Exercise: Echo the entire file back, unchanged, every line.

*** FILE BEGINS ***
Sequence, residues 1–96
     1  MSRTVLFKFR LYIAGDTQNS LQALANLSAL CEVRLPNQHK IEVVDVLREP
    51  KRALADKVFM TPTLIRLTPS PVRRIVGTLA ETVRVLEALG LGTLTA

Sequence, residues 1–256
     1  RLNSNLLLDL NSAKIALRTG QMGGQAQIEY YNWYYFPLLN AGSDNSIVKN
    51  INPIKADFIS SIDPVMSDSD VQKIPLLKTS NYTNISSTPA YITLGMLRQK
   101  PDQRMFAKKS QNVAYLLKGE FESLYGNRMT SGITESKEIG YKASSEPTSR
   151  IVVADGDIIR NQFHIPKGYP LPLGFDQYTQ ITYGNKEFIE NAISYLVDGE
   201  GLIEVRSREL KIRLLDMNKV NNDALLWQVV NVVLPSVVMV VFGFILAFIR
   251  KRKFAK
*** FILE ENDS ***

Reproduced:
Sequence, residues 1–96
     1  MSRTVLFKFR LYIAGDTQNS LQALANLSAL CEVRLPNQHK IEVVDVLREP
    51  KRALADKVFM TPTLIRLTPS PVRRIVGTLA ETVRVLEALG LGTLTA

Sequence, residues 1–256
     1  RLNSNLLLDL NSAKIALRTG QMGGQAQIEY YNWYYFPLLN AGSDNSIVKN
    51  INPIKADFIS SIDPVMSDSD VQKIPLLKTS NYTNISSTPA YITLGMLRQK
   101  PDQRMFAKKS QNVAYLLKGE FESLYGNRMT SGITESKEIG YKASSEPTSR
   151  IVVADGDIIR NQFHIPKGYP LPLGFDQYTQ ITYGNKEFIE NAISYLVDGE
   201  GLIEVRSREL KIRLLDMNKV NNDALLWQVV NVVLPSVVMV VFGFILAFIR
   251  KRKFAK